One of my neighbours, Allen Griffiths, has recently written to Ian Rickuss about the actions of the farmers adjoining his property, behaviour that potentially could seriously damage his ill wife’s health even further, and Mr Rickuss has promised to look into this matter.  (I have attached his letter to this email.)  I would like to ask you to go much further than this.   As residents, we are tired of these problems being dealt with on an individual basis, which means we are constantly making complaints about the same behaviours and seeing no real action taken.  We are tired of being shunted around between different bureaucrats who each give us different answers to our questions.   We are also dismayed that prior to the last Council election, this part of Greenbank was surreptitiously moved to another division with no consultation, lumping us in with suburbs on the northern side of the Greenbank Military Camp, when we are miles away on the south side – a move which, to the more cynical-minded, could easily be interpreted as a ruse to isolate those who have objected to these farming practices from other parts of our neighbourhood similarly affected. 


We would like to see clear and consistent rules instituted to make sure the events I have described above (which are just the tip of a very large iceberg – I haven’t even mentioned the busts for drug manufacturing, cockfighting, exploding sheds from poorly stored chemicals, welfare fraud, etc) do not continue to occur.   My husband and I, like most of our neighbours, have sunk everything we have into our home and property, and are very concerned that this move we are seeing from small market gardens to an intensive use that is quite industrial in nature is ruining our amenity and damaging our property resale values.  Most galling is that the farmers in my street do not even live here, yet it appears they have far more rights than residents.


Please, please, Mr Seeney, reject Amendment 1C and ask Logan City Council to start listening to our concerns.   We are not against farming per se, but it is not acceptable to be using large amounts of agricultural chemicals near where people make their homes and raise their children.





Liz Hall-Downs



Cc: Ian Rickuss, Michael Latter

Attachments: Letter from Allen Griffiths to Ian Rickuss; newspaper report from Jimboomba Times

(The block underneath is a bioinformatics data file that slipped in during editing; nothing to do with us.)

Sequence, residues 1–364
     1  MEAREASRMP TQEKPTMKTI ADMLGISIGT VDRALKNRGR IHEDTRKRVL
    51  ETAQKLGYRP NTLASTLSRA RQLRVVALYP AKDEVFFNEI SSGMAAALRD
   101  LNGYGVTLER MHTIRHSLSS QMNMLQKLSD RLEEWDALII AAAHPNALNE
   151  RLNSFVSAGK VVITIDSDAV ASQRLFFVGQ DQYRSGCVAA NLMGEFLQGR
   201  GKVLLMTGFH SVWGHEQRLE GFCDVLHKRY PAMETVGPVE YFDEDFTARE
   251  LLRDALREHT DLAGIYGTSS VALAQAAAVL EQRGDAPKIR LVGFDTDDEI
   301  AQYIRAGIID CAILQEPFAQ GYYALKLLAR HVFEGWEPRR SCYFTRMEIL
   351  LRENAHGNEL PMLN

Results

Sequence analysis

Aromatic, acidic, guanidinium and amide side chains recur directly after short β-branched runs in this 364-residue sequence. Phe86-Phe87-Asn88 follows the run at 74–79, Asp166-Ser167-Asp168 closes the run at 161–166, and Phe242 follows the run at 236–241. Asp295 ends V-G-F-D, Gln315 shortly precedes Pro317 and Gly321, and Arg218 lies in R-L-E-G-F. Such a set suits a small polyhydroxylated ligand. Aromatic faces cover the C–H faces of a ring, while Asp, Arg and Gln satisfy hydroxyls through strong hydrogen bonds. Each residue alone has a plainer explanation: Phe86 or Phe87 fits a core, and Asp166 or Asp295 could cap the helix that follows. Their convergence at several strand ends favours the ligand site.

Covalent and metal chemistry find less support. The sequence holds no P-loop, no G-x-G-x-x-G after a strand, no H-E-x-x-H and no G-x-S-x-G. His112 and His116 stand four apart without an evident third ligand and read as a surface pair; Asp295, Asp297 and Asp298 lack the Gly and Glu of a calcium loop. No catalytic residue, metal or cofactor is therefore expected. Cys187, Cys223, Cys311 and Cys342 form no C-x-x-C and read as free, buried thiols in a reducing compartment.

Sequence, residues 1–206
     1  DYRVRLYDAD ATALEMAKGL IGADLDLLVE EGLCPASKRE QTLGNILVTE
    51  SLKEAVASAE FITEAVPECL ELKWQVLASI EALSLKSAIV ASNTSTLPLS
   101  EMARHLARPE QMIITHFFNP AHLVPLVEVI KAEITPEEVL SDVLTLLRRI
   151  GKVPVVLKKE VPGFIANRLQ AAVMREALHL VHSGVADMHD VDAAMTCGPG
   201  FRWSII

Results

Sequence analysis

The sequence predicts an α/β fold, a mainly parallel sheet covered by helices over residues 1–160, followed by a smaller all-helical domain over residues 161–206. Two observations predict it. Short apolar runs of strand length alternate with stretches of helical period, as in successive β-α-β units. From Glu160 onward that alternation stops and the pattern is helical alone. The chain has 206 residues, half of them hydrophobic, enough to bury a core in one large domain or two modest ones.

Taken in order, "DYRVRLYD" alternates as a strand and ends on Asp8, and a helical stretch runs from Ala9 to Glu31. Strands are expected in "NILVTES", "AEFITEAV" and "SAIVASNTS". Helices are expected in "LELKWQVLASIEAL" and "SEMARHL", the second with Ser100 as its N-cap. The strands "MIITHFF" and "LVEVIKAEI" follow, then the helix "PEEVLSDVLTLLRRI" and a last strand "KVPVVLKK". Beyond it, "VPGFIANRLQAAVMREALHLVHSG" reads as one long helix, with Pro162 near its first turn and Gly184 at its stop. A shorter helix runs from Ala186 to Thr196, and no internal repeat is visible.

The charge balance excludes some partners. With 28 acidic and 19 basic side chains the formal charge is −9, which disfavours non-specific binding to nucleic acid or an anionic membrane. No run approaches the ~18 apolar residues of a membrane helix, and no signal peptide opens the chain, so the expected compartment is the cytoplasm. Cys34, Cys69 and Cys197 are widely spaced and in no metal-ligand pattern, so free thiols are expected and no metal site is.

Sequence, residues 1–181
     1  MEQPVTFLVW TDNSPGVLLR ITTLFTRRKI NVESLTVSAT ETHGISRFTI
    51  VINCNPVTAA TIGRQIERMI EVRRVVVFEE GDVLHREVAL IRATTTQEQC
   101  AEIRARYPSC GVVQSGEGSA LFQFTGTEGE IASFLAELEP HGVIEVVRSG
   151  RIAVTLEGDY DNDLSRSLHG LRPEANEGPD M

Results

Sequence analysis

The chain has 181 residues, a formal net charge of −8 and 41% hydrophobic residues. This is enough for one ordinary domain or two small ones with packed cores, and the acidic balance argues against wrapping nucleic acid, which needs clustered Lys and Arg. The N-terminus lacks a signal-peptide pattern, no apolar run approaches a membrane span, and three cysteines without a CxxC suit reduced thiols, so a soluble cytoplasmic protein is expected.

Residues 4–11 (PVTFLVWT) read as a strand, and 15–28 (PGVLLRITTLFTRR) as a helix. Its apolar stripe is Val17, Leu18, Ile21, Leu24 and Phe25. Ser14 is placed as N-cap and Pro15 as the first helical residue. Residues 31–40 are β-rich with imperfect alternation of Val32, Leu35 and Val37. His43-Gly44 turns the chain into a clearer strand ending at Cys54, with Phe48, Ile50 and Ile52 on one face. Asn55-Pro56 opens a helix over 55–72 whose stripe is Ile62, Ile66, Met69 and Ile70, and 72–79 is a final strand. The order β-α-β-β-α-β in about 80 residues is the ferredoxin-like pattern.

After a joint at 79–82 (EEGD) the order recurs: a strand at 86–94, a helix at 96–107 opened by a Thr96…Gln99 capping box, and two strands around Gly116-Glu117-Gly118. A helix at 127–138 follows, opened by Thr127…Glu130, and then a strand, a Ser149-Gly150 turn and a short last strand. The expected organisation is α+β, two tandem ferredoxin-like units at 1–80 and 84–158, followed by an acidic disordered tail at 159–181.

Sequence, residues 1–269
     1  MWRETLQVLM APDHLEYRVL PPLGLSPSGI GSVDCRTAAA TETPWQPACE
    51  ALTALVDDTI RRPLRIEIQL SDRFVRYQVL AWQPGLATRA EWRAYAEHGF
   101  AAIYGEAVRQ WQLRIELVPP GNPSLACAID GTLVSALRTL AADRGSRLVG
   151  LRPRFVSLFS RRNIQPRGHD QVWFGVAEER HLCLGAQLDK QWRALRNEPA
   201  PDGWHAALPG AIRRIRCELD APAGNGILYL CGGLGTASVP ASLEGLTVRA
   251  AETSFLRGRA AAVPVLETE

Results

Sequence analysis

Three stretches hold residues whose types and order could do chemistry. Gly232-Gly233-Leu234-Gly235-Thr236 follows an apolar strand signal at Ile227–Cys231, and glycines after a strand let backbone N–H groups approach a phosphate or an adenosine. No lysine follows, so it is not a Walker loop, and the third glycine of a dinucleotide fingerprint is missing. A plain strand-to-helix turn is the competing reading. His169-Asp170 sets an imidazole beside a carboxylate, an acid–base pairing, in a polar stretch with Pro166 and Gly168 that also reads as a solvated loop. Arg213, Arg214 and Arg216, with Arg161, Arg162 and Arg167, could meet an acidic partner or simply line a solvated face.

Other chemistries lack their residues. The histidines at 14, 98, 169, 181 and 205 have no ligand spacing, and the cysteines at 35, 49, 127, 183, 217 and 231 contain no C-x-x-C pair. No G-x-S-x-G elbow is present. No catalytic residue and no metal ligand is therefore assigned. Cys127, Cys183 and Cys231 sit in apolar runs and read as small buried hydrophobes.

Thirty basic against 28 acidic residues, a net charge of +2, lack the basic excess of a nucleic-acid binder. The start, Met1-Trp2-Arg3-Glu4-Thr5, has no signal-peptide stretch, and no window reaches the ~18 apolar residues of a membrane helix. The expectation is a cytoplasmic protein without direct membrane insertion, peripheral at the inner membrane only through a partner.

Thank you for providing me with a copy of your correspondence to the Deputy Premier in relation to market gardens and Logan City Council’s Planning Scheme.

 Liz, I have also asked the Minister for Environment and Heritage Protection to investigate this matter and I am awaiting the Minister’s response.

Ian Rickuss MP
Member for Lockyer
Ph:   (07) 5462 2772
        1800 817 791      
Fax:  (07) 5462 2388


18 December, 2013

Hon. Andrew Powell

Minister for Environment and Heritage Protection

Level 13, 400 George Street

Brisbane  4000

Dear Mr Powell,

I recently wrote to Mr Jeff Seeney (and cc’d to Mr Ian Rickuss) regarding the situation in my area of Greenbank and the problems residents here have been experiencing with Logan Council’s refusal to properly regulate farming activities in residential areas.   I understand you have been asked to look into this matter so I have attached that letter to this email for your information.

Mr Rickuss informed me that he has forwarded to you the letter my neighbour, Allen Griffiths, wrote him about the health and amenity issues he currently faces due to the activities of the farmers adjoining his particular property.   I’m here to tell you that Mr Griffiths’ problems are just the tip of a very large iceberg.  If you visit my website, , you can read all the background.

Essentially, this part of Greenbank is a rural residential area consisting of lifestyle acreage blocks, and has been zoned as such since the 1970s.   Problems have arisen because some buyers of these blocks have decided to turn them into small-lot farms.  Under previous Planning Schemes, farms have been exempt from having to seek development approval for their activities (unlike residents, who must comply with a raft of rules to build houses, dispose of grey water, etc).   I am one of a large number of residents who have lobbied Logan Council over the past seven years, asking them to please stop allowing farms to operate here without proper oversight and regulation, to no avail.

Over the past ten years, residents have been reporting negative impacts from farming, (these are outlined in my letter to Mr Seeney), but we have been unable to convince LCC to reconsider the ease with which their current rules allow such impacts to continue.

I live on a 9 acre bush block and to build my home had to meet stringent standards  for building work, greywater, etc, to avoid impacting on the local creek and wildlife.   This seems fair and reasonable, given the beautiful environment around here.   But for some reason, these same rules do not apply to the farmers, and LCC seems determined to keep it that way.  They claim regulating and investigating negative impacts is a State Government responsibility.  But if this is the case, I feel they have no business allowing such developments if they cannot ensure they are being safely operated.

LCC’s recent tampering with the old Beaudesert Planning Scheme seems designed to aid and abet these farmers in continuing to operate in a fashion that impacts negatively on neighbours.  There are NO requirements to use and store chemicals safely, no requirements for adequate washing and sewage arrangements, and LCC continues to ignore SPP1/92’s requirement that farms should have buffer zones between them and ‘sensitive receptors’ (ie. people, animals, living things).  Instead, they have sought to reduce required buffers to only 10 metres(vegetated) or 20 metres (unvegetated) and remove all public notification requirements for all future farming development.

Please help us. We are not anti-farmer, but this kind of activity where people live and raise their children is not appropriate.   These farms have shown, through past actions, that they are bad neighbours with no regard for how they impact on those living around their farms, and we desperately need someone to tell Logan Council to protect our health, amenity and property values by requiring proper, effective buffer areas between homes and farms.


Liz Hall-Downs